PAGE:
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Newtown estate agent gains top marks

 
Created on 01/12/2019 @ 10:15
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The Welsh Government’s Rent Smart Wales has awarded a Mid Wales estate and lettings agent the highest grade for best practice in its lettings and landlord management services.
 
Newtown-based Morris, Marshall and Poole with Norman Lloyd was awarded Grade 4 Best Practice following an intense audit by the licensing organisation.
 
Under Rent Smart Wales, anyone owning and managing private rented housing in Wales must be registered and have taken relevant training to comply with the Welsh Government’s Housing (Wales) Act 2014.
 
Landlords are, however, able to pass responsibility for managing their properties to agents, such as Morris, Marshall and Poole, who are fully trained and registered as part of Rent Smart Wales.
 
MMP/NL manages more than 1,000 properties as wel as a large portfolio of let only throughout Powys, Ceredigion, Gwynedd and Shropshire.
 
“This year we were subject to an audit by Rent Smart Wales. The audit itself was quite extensive due in part to the high number of properties that we currently manage in Wales,” said Andrew Turner, a partner at MMP/NL.
 
“The audit also involved not only checking compliance but also sampling our Agency procedures such as Tenancy Agreements, notices issued and tenant correspondence.
 
“The audit report awarded us with the highest Grade 4 Best Practice, reflecting the level of compliance with legal and best practice requirements.”
 
MMP/NL works for a wide range of residential property owners and landlords. From homes to apartments, the company is now one of the largest letting agents in Mid Wales and Shropshire.
 
It has a dedicated lettings team based in Newtown, Powys, as well as at its offices in Welshpool, Oswestry, Bishop’s Castle, Machynlleth, Aberystwyth, Rhayader, Tywyn and Llanidloes.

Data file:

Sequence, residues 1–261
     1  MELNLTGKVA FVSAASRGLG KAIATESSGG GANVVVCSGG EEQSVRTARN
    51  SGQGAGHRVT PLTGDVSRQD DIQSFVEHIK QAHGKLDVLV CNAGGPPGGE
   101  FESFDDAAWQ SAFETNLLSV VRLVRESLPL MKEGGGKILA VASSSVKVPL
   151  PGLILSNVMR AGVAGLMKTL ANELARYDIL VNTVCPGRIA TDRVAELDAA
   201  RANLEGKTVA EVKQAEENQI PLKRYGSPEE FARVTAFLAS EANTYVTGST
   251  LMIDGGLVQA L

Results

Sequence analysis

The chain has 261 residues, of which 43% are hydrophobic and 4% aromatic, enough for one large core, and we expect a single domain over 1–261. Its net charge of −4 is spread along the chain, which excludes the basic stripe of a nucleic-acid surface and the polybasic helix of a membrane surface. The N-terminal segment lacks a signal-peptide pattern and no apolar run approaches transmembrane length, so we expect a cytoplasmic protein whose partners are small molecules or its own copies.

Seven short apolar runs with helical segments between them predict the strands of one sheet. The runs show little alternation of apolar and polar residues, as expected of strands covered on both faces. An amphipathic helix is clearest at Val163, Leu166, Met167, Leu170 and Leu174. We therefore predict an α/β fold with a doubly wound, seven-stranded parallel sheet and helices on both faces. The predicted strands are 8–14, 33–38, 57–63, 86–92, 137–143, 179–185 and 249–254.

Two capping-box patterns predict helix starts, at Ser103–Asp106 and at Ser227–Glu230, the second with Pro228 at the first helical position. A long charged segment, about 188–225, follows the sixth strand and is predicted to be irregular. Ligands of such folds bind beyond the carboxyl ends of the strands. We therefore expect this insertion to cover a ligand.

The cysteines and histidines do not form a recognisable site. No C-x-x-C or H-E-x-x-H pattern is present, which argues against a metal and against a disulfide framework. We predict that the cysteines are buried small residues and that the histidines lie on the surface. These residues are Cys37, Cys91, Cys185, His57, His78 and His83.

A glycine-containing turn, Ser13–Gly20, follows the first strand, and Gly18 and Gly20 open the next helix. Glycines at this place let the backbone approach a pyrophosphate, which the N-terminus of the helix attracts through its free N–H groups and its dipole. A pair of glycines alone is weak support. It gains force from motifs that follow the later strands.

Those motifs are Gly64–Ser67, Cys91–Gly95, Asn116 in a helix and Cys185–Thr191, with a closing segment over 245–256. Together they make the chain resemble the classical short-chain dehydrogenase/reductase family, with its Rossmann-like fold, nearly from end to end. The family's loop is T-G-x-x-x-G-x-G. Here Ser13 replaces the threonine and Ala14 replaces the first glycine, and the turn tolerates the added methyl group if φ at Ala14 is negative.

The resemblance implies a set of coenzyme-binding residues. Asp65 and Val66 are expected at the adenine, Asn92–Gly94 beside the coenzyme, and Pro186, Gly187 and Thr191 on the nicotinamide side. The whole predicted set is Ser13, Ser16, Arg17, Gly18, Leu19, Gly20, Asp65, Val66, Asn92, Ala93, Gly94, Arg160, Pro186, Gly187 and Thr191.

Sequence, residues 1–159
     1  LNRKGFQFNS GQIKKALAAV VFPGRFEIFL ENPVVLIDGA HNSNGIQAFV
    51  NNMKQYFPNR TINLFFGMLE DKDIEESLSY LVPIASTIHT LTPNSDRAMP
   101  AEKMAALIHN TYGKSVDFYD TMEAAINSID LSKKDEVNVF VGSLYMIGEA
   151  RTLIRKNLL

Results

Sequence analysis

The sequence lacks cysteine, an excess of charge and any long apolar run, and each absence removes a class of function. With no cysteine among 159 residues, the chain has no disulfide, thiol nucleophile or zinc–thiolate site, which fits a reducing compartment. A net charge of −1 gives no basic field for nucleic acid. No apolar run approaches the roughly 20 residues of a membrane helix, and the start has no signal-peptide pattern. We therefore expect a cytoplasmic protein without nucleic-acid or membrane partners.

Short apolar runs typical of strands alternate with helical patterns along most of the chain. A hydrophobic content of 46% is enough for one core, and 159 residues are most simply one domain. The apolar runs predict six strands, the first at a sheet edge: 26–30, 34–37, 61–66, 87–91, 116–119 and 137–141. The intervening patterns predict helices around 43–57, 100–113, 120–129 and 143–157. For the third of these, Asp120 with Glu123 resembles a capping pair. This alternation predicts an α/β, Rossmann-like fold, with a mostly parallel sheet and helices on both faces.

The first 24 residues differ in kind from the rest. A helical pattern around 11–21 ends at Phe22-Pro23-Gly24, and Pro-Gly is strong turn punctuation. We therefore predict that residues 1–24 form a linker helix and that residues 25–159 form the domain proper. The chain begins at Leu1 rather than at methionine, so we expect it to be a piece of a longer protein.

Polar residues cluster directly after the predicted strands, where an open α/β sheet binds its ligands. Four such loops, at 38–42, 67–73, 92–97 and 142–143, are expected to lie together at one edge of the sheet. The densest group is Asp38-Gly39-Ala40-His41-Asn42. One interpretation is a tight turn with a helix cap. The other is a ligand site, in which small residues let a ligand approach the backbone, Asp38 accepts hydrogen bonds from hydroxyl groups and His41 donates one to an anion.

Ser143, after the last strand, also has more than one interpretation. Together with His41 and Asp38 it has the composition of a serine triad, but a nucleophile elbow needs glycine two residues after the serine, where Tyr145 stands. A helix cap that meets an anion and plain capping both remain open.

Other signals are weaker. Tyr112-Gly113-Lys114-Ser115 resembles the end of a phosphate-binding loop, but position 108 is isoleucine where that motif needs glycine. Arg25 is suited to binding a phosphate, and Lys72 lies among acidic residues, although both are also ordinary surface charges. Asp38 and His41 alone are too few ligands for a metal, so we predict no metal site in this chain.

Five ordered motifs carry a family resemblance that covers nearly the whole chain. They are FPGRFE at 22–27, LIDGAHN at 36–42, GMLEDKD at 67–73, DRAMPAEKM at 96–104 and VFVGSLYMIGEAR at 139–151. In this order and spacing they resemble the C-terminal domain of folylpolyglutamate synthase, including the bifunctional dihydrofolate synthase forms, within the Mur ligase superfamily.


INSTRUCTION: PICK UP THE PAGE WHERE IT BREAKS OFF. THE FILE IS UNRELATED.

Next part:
Additionally, this June the Renting Homes (Wales) Bill came into force with additional regulations on private residential landlords.
 
“With a myriad of rules and regulations you could be forgiven for being unsure as to what you can and cannot do as a private landlord without being penalised or fined for doing it wrong,” said Andrew.
 
“Luckily, our dedicated lettings team are on hand to offer some practical advice to private residential landlords.”
 
In Wales the new Act means:
 
Bans landlords from charging tenants for an accompanied viewing, receiving an inventory, signing a contract, exit fees or renewing a tenancy
 
Only allows landlords and letting agents to charge fees relating to specific items such as Council Tax, holding deposits, utilities and television licence
 
Limits the level of security deposits  (only limits the deposit in England, Wales is uncapped)
 
Creates a cap for holding deposits (holding fee, not deposit) of one week’s rent
 
Fixed penalty notices of up to £1,000 can be made against anyone requesting a banned payment.
 
A Landlord’s Rent Smart Wales licences could also not be renewed or granted.
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